Saturday, August 27, 2016

FIAR: Henry the Castaway

FIAR:  Henry the Castaway and Explorers

I know I said that the boys were switching curriculum and that I would return to Five in a Row when the girls were ready.  But then I realized how I could tie this row in so neatly with the beginning of our Early American history lessons on explorers.  I do still think we need the continuity of the curriculum we've chosen for history and science, but my FIAR heart is happy that I might still occasionally add a row in whenever it fits in a supplementary way.  Our favorite subjects from FIAR have always been history, science and language arts; those were the focus of this row, and will likely continue to be the focus of any future rows that are used in this way.

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So here we are, with Henry the Castaway.  It's about exploring and the adventure and bravery that goes along with being a great explorer.  I decided to plug the row of Henry in between Leif the Lucky and Christopher Columbus.  This worked well for us as part of our history study, but these two books would also work well as go-along books for Henry.  {I'll share more about the beginnings of our Beautiful Feet Books journey soon.}

Social Studies
We used the lesson in the book (discussion) and talked about the traits of explorers and the things they need, like good map-reading skills.  We tied this into the science lesson on survival skills.  We talked about places nearby that we would like to explore--the wetlands and nature refuge were at the top of the list.

We read Maps and Globes and talked about different elements in the book.  We used their small compasses to refresh on N-E-S-W (Never Eat Soggy Waffles), direction of the sunrise/sunset and other things in relation to our new home, and how to use it in relation to survival skills.  We found the equator on the globe, and as we've continued to use the globe for history and looking at routes of explorers, we've continued to discuss things like the Northern and Southern Hemispheres, distance between continents, the size of the Earth, the differences in maps and globes, and all that fun stuff.

Instead of going in-depth with explorers, we just read Great Explorations by David Neufeld. It covers Leif and Columbus, which we're also specifically learning about in Beautiful Feet Books, but it also touches on a couple of other famous explorers.

Language Arts
This was something we actually hadn't formally covered, but Elliott recognized some of the allusions.  He also understood the concept, because it was kind of discussed in Who is George Lucas?, with how he did this in his films, so he made that connection quickly.

Additional Literature
Henry Explores the Jungle by Mark Taylor
Down to the Sea in Ships by Philemon Sturges {Excellent poetry go-along for anything related to ships or explorers}
Scuffy the Tugboat by Gertrude Crampton {Fun Preschool tie-in for Eleanor}

Elliott actually said he enjoyed the Henry books and asked me to get the others.  So Henry the Explorer and Henry Explores the Mountains are now on my list.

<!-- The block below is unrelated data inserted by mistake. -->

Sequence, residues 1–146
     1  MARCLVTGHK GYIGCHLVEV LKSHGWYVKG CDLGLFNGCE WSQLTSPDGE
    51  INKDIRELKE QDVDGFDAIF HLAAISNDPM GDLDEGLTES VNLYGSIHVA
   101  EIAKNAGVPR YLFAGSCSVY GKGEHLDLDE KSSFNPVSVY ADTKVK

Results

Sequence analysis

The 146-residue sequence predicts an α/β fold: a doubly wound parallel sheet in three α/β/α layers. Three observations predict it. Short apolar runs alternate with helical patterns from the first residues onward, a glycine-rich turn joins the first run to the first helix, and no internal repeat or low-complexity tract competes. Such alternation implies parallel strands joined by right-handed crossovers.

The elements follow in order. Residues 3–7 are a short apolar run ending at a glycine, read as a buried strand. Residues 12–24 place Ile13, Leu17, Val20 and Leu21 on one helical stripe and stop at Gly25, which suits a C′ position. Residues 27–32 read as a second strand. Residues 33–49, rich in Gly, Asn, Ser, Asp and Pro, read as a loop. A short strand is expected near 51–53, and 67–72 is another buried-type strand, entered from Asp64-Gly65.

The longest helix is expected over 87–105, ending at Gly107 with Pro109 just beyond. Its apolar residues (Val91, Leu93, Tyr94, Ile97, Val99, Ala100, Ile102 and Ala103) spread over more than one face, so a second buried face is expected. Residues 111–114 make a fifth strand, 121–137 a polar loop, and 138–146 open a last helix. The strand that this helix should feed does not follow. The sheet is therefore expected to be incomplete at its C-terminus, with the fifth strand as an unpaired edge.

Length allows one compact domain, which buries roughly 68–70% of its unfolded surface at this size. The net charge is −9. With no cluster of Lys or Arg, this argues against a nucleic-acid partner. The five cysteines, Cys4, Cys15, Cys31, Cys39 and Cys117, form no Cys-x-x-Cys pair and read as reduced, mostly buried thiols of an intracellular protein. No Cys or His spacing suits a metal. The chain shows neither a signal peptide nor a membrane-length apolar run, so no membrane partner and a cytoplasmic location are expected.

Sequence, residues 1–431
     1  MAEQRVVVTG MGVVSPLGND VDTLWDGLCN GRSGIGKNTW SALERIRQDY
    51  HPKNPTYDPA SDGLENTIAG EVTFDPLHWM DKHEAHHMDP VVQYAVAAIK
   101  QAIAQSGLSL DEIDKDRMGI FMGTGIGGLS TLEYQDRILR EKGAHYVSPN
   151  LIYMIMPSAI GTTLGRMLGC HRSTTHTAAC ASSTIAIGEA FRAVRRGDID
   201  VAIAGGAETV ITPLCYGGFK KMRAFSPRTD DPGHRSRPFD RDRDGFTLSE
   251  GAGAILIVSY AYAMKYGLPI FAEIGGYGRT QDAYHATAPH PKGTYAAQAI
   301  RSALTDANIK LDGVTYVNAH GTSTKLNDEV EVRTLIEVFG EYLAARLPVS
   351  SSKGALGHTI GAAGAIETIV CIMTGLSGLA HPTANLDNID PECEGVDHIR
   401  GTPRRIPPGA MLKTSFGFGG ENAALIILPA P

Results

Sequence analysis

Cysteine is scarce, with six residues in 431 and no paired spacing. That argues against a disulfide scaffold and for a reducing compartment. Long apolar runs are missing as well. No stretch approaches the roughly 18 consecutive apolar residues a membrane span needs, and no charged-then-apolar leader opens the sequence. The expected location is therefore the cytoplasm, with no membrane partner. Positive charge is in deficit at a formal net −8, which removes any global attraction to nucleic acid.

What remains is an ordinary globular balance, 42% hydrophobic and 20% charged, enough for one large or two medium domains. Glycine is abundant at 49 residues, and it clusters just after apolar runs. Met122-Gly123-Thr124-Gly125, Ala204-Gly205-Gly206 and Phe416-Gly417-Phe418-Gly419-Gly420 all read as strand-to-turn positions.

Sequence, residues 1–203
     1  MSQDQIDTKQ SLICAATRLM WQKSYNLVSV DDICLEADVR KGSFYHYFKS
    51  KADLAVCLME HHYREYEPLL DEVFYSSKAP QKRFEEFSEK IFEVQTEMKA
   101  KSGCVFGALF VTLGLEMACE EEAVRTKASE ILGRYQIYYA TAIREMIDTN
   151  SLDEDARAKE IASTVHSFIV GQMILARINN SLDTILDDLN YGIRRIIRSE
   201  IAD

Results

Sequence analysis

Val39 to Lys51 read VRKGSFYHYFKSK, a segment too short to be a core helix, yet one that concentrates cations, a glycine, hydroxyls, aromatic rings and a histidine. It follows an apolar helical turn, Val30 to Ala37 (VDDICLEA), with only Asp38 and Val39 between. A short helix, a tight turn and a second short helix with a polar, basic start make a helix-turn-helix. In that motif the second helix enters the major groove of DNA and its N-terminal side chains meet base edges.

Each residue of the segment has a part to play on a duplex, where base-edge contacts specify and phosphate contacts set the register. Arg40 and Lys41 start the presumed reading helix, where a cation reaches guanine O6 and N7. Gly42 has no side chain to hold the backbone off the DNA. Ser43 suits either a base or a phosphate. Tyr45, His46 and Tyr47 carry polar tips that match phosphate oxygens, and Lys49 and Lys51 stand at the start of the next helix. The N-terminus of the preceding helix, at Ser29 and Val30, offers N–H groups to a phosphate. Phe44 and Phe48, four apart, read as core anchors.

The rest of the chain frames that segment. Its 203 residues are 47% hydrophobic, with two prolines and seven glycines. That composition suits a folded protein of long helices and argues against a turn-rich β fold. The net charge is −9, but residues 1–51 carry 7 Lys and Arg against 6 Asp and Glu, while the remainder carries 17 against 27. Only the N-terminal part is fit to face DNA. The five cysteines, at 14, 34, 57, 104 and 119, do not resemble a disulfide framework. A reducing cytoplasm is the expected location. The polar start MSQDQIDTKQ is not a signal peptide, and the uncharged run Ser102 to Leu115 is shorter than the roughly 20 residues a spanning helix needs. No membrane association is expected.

We didn't really do the lessons from the manual, but when we read Henry Explores the Jungle, Emory immediately noticed that the page spread when Henry leaves on his adventure is the "same" in both books.  It's always fun to find little connections like that and find the actual similarities and differences!

Survival Skills
This was tied into the lesson on explorers, and we discussed different skills you need for exploring, what to do when you get lost, and supplies you should take.

When we moved, we moved really close to the river--like walking distance close.  There are a lot of nice walking paths around here that we've enjoyed.  We're actually very close to the confluence of two rivers, so we talked about these rivers, We used the book Geography From A-Z to look up the vocabulary words from the science section of the manual and other relevant terms.  We also related it to the ocean and the explorers we've learned about.

We also looked at major US rivers.  Emory had to color the outside of his map to make it look more like a treasure map.  Of course.

 Map from National Geographic 

Belted Kingfisher
Honestly, I initially thought this was a tiny bit of a stretch as far as including it as a lesson--it really played no significant role in the actual story.  However, Emory had just asked if we could learn about more animals.  Since this bird lives on the river and is common to our area, we can look for them on our river walks.  So we looked it up in our Birds Of . . . Guide, which Emory likes just flipping through on his own.  We colored a picture, and listened to its call on All About Birds - Belted Kingfisher.  That website still fascinates my kids.

Interesting Discussion
Completely unrelated to anything in the manual, Elliott and I had an interesting discussion.  He pointed out how the parents just let their young son wander off all day, down the river no less, where he got stranded, and asked if they were considered "bad parents" to not know where their kid was all day.  I pointed out the [somewhat dated] illustrations and we checked out the copyright.  We then talked about how children were given more freedom at an earlier age then, and that now society often views children playing alone as dangerous.

So it was a light, casual row, but filled with great discussions, and it was an excellent tie-in to our history studies!

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  1. What a fun row! I would love to do more FIAR!

    1. It really is fun. I decided to work in in as a supplement so we can still enjoy it! :)